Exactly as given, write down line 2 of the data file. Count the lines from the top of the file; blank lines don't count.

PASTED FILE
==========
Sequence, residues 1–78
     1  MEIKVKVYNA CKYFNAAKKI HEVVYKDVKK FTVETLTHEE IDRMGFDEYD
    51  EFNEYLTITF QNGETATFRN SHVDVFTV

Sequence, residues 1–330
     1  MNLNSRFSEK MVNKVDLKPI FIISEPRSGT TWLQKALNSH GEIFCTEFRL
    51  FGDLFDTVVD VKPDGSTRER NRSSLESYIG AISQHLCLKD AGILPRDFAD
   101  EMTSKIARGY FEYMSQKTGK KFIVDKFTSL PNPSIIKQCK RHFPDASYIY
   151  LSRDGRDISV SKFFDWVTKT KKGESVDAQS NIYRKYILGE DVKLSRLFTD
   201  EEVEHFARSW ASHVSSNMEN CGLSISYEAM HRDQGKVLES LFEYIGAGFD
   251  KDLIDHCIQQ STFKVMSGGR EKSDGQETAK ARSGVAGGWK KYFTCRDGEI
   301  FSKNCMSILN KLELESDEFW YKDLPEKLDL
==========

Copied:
     1  MEIKVKVYNA CKYFNAAKKI HEVVYKDVKK FTVETLTHEE IDRMGFDEYD